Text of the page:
Agreement to end the fiscal war
Source: Legiscenter, 22/08/2007
The state finance secretaries practically closed a majority agreement yesterday to end the fiscal war and transform the Tax on Circulation of Goods and Services (ICMS) into a tax whose collection will be concentrated in consuming states.
Only three state governments - in Espírito Santo, Goiás and Paraíba - threaten not to guarantee the unanimity necessary to convert the draft agreement into a formal and historic agreement in the National Council for Farm Policy (Confaz).
The text with the proposal to validate all current tax incentives and, from now on, to phase them out gradually, will be submitted to the next meeting of Confaz, on September 4th. If unanimity is not reached, the secretaries' idea is to present the draft as a tax reform proposal for the vast majority of states, which would facilitate its approval in the National Congress, where consensus is not required, but only support from two thirds of parliamentarians.
In numerical terms, the seats in the three states that, in principle, have reservations about the majority's proposal, total only 35 deputies out of a total of 513 (less than 7%).
The problem is that, if the end of the fiscal war depends on the tax reform vote, other issues can cross the debate and delay or prevent the completion of the changes.
The government's success in obtaining the signing of the agreement at Confaz, on the other hand, would eliminate most of the obstacles that exist for approval of the tax reform, allowing the discussion in Congress to focus on the new model of taxation in the country and not on the dispute. of interest to states.
Consensus - The difficulty in making the agreement viable is that, as a representative body of all states, Confaz can only make decisions by consensus. It is he who has the responsibility, for example, to authorize a reduction in the payment of taxes, the so-called tax benefits.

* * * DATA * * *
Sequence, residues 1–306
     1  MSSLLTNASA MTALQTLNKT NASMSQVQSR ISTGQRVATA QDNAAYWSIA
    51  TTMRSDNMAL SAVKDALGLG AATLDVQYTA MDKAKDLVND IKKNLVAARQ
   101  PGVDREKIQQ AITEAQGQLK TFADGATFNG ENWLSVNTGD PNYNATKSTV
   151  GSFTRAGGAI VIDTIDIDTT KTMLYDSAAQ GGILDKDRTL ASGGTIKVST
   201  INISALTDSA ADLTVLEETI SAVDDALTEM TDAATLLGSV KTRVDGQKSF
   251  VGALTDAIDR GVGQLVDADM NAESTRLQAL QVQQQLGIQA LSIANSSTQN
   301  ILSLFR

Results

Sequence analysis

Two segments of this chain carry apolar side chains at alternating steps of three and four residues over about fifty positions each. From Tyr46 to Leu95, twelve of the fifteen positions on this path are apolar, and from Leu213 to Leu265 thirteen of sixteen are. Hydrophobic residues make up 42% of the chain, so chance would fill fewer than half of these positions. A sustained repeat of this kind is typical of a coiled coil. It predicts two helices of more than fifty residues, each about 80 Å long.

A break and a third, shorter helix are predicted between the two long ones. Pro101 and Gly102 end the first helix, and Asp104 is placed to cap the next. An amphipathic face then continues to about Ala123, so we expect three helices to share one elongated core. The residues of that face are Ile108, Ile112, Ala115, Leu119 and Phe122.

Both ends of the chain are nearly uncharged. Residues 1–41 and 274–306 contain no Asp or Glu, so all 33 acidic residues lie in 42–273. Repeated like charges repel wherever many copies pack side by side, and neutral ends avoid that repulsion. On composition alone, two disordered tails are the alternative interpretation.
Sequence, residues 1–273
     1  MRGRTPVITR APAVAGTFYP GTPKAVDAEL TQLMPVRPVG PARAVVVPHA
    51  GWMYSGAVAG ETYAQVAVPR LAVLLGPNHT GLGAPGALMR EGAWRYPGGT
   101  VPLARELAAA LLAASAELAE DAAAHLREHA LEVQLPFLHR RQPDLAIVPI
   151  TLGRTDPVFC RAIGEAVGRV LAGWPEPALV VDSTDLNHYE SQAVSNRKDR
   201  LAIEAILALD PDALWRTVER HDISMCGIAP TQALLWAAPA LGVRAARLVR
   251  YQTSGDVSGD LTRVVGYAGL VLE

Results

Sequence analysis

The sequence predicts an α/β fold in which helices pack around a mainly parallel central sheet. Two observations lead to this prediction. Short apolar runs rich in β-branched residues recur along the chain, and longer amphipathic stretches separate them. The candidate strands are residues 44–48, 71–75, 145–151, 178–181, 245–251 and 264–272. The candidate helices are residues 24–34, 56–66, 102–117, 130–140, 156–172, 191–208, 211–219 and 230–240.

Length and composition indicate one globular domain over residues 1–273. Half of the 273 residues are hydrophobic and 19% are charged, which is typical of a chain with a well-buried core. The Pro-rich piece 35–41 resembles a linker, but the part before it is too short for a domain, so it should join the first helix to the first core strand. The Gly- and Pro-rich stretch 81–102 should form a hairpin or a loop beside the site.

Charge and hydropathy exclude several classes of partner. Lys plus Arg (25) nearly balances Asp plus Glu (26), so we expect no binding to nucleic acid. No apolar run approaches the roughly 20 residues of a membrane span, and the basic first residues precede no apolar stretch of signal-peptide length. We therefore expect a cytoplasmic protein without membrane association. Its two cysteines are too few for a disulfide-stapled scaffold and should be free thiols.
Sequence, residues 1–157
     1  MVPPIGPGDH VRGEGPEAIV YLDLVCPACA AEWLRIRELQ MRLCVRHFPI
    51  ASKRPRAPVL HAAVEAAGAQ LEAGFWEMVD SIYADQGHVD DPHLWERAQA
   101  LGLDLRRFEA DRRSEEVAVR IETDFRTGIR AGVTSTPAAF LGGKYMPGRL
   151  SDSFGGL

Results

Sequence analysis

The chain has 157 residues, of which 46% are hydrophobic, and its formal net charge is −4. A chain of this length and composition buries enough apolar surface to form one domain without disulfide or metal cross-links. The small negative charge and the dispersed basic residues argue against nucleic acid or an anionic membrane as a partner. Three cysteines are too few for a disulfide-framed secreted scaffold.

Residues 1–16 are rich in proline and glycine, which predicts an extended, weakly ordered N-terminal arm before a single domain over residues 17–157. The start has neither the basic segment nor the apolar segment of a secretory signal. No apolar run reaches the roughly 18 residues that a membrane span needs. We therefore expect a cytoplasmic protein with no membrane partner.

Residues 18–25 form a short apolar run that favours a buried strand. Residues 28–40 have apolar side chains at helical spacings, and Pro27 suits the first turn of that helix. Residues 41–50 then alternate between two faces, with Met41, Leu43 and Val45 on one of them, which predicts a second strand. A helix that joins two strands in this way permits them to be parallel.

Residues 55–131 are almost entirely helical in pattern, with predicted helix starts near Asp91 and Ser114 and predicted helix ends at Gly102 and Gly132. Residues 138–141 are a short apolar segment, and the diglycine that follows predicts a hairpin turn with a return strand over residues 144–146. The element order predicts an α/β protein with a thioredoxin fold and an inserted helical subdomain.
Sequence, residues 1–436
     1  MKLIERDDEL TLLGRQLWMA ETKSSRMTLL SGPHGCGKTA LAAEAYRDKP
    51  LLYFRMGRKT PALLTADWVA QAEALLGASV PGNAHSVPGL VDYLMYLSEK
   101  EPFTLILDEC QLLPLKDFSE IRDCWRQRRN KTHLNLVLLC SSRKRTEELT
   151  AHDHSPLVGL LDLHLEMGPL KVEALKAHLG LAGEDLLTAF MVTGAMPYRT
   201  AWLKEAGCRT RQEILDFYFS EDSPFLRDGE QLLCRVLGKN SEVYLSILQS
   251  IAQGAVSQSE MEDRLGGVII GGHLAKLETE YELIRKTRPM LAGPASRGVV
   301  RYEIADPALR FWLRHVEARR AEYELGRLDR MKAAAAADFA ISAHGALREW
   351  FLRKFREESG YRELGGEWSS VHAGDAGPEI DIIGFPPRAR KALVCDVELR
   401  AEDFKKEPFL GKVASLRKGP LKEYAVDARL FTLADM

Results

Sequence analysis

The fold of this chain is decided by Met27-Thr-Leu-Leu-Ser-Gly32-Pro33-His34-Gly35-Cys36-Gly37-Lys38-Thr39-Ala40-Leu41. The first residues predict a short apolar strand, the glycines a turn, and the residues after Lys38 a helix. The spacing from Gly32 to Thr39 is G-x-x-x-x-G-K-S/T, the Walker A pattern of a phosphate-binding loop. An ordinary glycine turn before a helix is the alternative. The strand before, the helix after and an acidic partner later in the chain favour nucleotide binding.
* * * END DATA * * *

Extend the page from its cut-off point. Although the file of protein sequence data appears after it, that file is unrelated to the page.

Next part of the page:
For this reason, all tax incentive contracts signed by state governments in the past two decades are subject to judicial challenge, which led the secretaries to meet to seek an honorable solution to the problem of the fiscal war.
According to the text agreed yesterday, there would be a definitive solution to the past disputes, all the benefits that remained until today would be formally validated. But, as of today, the granting of new tax benefits to companies in the states would be prohibited. What has already been granted would continue to be valid for some time yet, but within some established rules.
The benefits of the commercial sector, for example, would need to be revoked immediately, while those in the industrial segment could be fully maintained until the end of 2011 and then progressively reduced until the end of the contracts.
As of 2012, due to the right proposal, the ICMS rate charged by the states that produce the goods would also be reduced from the current 12% (Northeast) and 7% (Southeast) to just 4%. The rest of the tax would now be pocketed by recipient states or consumers, as is common in the developed world.
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